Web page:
Both sides were even more critical of a proposed one-state solution in which Arabs and Jews enjoy equality: 63% of Israelis and 69% of Palestinians reject such a result.

    Here’s the link:
    link to jpost.com

  12. W.Jones says:

    Despite the news reports and events being hot daily, it seems that you are really dealing with longterm forces.

    In the short term you have a nuclear State dedicated to a people defined as a religion with total military and political control over its territory, and an extremely close political, strategic, economic, societal alliance with the world’s #1 superpower. It can colonize the West Bank and call it what they want, blockade tiny Gaza, and given an excuse perhaps even expel those populations.

    One of the main obstacles would be the P.A. going to the ICC or other international bodies, but those can be manipulated as can the P.A. which can be repressed. International bodies have already issued statements, which are ignored. Another, less likely possibility is for Palestinians worldwide to mount a popular campaign like Ghandhi and MLK, but it’s asking alot of such a disenchranchised, impoverished, exiled, alienated, politically targeted, and disempowered group.

    I can hardly predict the future, but the possibility for a big change is more longterm. The thing is, when it inflicts so much repression, it is hard to see how that gives it longterm security. Granted, Turkey genocided the Armenians and Turkey is still around. On the other hand, it is hard to see how millions of Israelis would just go away. And doesn’t the religion focus a lot on the idea of having a certain kind of society in that part of the world, as well as seeing its idea of society to be separate? So the conflict or dispute with a drive to have alot of influence over the area would continue. It’s been fought over by so many groups over the centuries, being at the crossing of the main continents like a cultural faultline, that the area is prone to this.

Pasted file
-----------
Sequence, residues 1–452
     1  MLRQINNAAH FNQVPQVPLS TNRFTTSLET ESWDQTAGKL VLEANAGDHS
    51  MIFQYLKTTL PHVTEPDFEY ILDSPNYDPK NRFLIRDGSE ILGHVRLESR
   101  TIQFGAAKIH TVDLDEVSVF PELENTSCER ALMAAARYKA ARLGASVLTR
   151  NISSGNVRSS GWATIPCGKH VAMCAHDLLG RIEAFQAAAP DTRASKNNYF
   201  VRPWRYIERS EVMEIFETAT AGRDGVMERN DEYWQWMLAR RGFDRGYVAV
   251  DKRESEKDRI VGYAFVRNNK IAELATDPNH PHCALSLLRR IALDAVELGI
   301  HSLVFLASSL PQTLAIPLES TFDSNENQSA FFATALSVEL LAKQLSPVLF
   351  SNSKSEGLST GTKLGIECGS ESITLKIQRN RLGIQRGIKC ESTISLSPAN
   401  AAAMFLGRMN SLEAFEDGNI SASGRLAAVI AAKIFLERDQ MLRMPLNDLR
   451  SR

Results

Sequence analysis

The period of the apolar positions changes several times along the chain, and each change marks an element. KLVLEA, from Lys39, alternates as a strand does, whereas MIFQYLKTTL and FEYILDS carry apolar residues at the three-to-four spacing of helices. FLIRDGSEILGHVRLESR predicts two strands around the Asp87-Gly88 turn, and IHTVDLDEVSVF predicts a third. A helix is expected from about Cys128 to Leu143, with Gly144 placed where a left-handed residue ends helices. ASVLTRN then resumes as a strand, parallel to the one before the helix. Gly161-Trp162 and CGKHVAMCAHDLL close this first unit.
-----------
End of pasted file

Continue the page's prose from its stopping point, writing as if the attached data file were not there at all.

You would need some kind of epoch development, like world society overcoming nationalism, figuring out which religion (or none) is correct, or the Second Coming, etc., to solve the perennial drive and consequential resistance to domination of the territory. Naturally that looks a very long way off, unfortunately.

  13. W.Jones says:

    Lilian,

    You asked:
    How can the developed democracies not support a campaign for civil rights? If they are to remain true to their values, they must favor and support Palestinian citizenship.

    Palestinians have been campaigning for rights for a long time already. No, they are in some cases not true to their values. The PEPs are an example of this dichotomy.

    Regards.